The Regulatory State is Here to Stay - Unless a Better Way is Found
We embrace market-based approaches over regulation that grows bureaucracy and harms growth. Environmental rules pick winners and losers, reduce economic growth, burden job creators and middle-class families, and stifle innovation. For decades, the U.S. government has sought to curb carbon pollution and mandate energy efficiency standards through a host of regulations and tax subsidies that have largely withstood legal challenges. Most were mandated by court decisions and legislation.
Republican elected officials will lift some of this regulatory burden. But, even after these efforts, Americans will still be living in a regulatory state, one that is sure to grow over time. This regulatory state is a major hidden tax on Americans and our economy, and we need a better way.
EPA has the regulatory authority to reduce carbon pollution. In 2007, the U.S. Supreme Court held that the EPA has the authority to regulate carbon dioxide emissions.1 And since 2009, the EPA has proposed or finalized over 100 global warming regulations, encompassing more than 5,000 pages in the federal register. It is highly unlikely that this will all be reversed.
Not just EPA – Over decades, three other federal agencies have been involved in picking winners and losers through regulations. The Department of Energy has issued a host of regulations on appliances, buildings, and other products. The Department of Transportation participates in setting standards for automobiles, aircraft and trains. The Department of Treasury oversees tax subsidies.
Legislative attempts to repeal EPA authority are going nowhere. Many opponents of carbon pollution regulation argue that EPA’s current authority should be repealed, but legislative attempts to do that have floundered. In fact, a bill aimed at achieving this goal was able to gain only 152 cosponsors in the House of Representatives – all Republicans – suggesting that nearly one-third of GOP House Members are opposed to this approach.
In order to prevent government growth and bureaucratic meddling by any administration or any Congress in our economy – especially in industries like manufacturing, fuel refining, heavy-duty trucks, natural gas, trains, aircraft, and agriculture – we must embrace pro-growth solutions. The next few years are the right time to be building a thoughtful policy and political basis for future action.
What Conservative Experts Are Saying
“In the absence of some alternative method of reining in carbon emissions, the EPA will, in the end, be allowed by the courts to proceed with its draconian and expensive regulations.”2 – Irwin Stelzer
Stelzer directs the conservative Hudson Institute’s Economic Policy Studies Group, and is also the U.S. economic and political columnist for The Sunday Times (London), a contributing editor of The Weekly Standard, and a member of the Advisory Board of The American Antitrust Institute.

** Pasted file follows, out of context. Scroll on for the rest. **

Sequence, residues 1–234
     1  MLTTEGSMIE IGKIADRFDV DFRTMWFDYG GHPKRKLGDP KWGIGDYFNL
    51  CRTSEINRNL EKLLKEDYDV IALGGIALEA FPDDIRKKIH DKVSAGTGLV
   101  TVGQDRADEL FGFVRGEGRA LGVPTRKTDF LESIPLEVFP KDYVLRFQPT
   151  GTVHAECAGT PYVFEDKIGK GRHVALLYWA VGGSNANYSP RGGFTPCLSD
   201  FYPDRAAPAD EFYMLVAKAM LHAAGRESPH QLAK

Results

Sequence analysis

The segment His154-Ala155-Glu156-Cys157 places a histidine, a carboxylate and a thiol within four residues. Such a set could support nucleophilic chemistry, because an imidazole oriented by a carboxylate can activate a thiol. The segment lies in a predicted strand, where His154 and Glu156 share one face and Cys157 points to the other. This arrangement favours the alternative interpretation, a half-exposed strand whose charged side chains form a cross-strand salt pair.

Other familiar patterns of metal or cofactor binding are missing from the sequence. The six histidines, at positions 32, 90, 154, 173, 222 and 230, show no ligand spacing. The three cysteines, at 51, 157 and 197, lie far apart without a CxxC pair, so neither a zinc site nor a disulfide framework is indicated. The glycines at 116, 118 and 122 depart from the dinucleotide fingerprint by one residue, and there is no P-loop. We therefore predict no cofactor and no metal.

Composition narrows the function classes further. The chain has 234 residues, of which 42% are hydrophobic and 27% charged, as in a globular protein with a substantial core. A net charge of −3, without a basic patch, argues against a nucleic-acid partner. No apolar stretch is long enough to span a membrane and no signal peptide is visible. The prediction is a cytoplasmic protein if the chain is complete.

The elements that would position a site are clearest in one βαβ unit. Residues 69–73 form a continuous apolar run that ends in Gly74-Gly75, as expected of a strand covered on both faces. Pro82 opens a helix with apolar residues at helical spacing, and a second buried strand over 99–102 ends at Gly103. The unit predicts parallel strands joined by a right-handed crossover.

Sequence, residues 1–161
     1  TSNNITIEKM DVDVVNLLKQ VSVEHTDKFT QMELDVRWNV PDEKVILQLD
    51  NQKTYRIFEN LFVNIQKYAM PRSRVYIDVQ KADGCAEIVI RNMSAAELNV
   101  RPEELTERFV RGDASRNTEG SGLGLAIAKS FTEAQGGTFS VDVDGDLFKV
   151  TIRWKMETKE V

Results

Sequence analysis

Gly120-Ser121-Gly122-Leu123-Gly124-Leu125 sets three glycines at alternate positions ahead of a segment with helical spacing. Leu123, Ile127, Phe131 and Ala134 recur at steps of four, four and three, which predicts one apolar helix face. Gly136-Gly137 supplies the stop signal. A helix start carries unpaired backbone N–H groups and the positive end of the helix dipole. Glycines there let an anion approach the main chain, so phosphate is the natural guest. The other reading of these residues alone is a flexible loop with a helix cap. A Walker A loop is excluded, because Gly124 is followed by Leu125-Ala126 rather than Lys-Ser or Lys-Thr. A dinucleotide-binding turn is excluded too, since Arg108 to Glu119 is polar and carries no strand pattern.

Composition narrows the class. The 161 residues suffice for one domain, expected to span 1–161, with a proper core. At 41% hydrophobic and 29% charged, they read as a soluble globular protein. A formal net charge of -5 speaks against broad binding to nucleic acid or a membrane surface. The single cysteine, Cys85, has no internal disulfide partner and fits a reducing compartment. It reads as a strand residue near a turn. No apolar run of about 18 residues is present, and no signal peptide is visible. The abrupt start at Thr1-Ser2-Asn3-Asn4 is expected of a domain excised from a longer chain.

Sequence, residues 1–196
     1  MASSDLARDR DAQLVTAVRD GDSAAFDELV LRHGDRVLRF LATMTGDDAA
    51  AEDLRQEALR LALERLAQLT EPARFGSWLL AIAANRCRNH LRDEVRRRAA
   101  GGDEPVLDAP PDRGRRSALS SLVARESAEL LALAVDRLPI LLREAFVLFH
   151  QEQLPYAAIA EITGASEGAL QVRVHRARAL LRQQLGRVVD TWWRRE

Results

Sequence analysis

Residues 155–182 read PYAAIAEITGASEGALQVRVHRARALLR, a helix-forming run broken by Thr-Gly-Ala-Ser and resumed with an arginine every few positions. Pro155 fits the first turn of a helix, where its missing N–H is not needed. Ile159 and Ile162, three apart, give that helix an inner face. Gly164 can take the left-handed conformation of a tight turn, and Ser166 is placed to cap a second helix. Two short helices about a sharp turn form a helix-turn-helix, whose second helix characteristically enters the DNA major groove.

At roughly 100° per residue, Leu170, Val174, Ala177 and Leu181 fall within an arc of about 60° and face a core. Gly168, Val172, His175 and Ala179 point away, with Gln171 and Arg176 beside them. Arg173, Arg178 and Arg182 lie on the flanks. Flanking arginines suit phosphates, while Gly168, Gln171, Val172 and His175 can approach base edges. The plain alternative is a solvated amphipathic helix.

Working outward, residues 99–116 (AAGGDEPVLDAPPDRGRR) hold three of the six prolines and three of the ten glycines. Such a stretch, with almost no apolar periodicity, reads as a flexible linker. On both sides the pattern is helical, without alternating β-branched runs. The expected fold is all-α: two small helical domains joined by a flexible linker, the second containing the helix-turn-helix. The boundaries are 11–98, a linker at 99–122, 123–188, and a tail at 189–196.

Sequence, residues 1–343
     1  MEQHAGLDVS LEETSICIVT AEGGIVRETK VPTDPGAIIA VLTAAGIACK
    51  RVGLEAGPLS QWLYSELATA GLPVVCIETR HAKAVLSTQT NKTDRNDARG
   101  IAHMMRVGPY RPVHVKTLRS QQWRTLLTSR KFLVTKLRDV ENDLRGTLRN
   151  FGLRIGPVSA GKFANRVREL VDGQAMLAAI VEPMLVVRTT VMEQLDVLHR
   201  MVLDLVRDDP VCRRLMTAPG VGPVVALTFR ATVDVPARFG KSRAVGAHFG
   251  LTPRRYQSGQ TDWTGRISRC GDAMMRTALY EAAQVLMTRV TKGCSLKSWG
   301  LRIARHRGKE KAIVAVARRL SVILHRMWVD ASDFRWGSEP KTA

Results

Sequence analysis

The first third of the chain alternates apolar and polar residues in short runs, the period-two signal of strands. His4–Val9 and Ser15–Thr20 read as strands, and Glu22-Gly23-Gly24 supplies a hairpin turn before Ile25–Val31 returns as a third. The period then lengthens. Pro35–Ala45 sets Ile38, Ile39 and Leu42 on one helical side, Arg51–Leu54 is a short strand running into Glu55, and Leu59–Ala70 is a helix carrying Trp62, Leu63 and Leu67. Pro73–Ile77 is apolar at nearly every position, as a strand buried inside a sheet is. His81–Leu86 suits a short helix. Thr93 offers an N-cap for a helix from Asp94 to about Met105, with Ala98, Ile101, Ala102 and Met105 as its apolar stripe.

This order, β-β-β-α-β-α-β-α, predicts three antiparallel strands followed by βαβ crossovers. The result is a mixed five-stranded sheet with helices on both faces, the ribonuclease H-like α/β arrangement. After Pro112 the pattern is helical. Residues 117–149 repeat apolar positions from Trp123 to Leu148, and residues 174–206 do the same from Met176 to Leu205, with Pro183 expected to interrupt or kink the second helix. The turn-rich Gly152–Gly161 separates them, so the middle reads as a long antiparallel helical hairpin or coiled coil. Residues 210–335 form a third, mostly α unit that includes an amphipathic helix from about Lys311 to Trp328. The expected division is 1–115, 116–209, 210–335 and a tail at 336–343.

“Much of the policy discussion of a carbon tax in the United States has debated whether scientific evidence merits a carbon tax or what should be done with the revenue should policymakers pursue the tax. The discussion would be much richer with a counterfactual: How does a carbon tax compare with an alternative command-and-control regulatory system in terms of economic efficiency and growth?”3 – Glenn Hubbard
Hubbard is the Dean and Russell L. Carson Professor of Finance and Economics at Columbia Business School, and former Chairman of the U.S. Council of Economic Advisers.
“The federal government has embarked on a troubling regulatory path, with the goal of making energy use and lifestyle choices on behalf of American families and businesses. Since the 1970s, Congress has empowered agencies to micromanage Americans’ energy use and override personal preferences through energy-efficiency mandates. With ever-shifting goals to forestall ostensibly imminent resource exhaustion, stimulate economic recovery, or reduce global warming, the regulations are as unnecessary today as they were four decades ago.”4 – Heritage Foundation Scholars Katie Tubb, Nicolas Loris and Paul Larkin
Katie Tubb is a Policy Analyst and Nicolas Loris is a Fellow at the Thomas A. Roe Institute for Economic Policy Studies at the Heritage Foundation. Paul Larkin is a Senior Legal Research Fellow at the Edwin Meese III Center for Legal and Judicial Studies, also at the Heritage Foundation.
“This regulatory approach is fraught with problems. One is that it creates an inevitable tension between the products that consumers want to buy and the products that companies are allowed to sell. Robert A. Lutz, the former General Motors executive, laments that (vehicle fuel efficiency or “CAFE”) standards are “a huge bureaucratic nightmare. CAFE is like trying to cure obesity by requiring clothing manufacturers to make smaller sizes.”5 – Greg Mankiw
Mankiw served President George W. Bush as Chairman of the President’s Council for Economic Advisers from 2003 to 2005 and was a top economic adviser to 2014 GOP Presidential Nominee Mitt Romney. He is now a Professor of Economics at Harvard University.Download PDF
1. US Supreme Court Ruling on Massachusetts v EPA, April 2, 2007.
2. Irwin Stelzer, "A Deal Over Climate Change," The Weekly Standard, February 29, 2016.
3. Glenn Hubbard, endorsement of Carbon Tax Policy: A Conservative Dialogue on Pro-Growth Opportunities, Alliance for Market Solutions, 2017
4. Tubb, Loris and Larkin, “The Energy Efficiency Free Market Act: A Step Toward Real Energy Efficiency” The Heritage Foundation, August 17, 2016.
5. Gregory Mankiw, “A Carbon Tax America Could Live With,” The New York Times, August 31, 2013.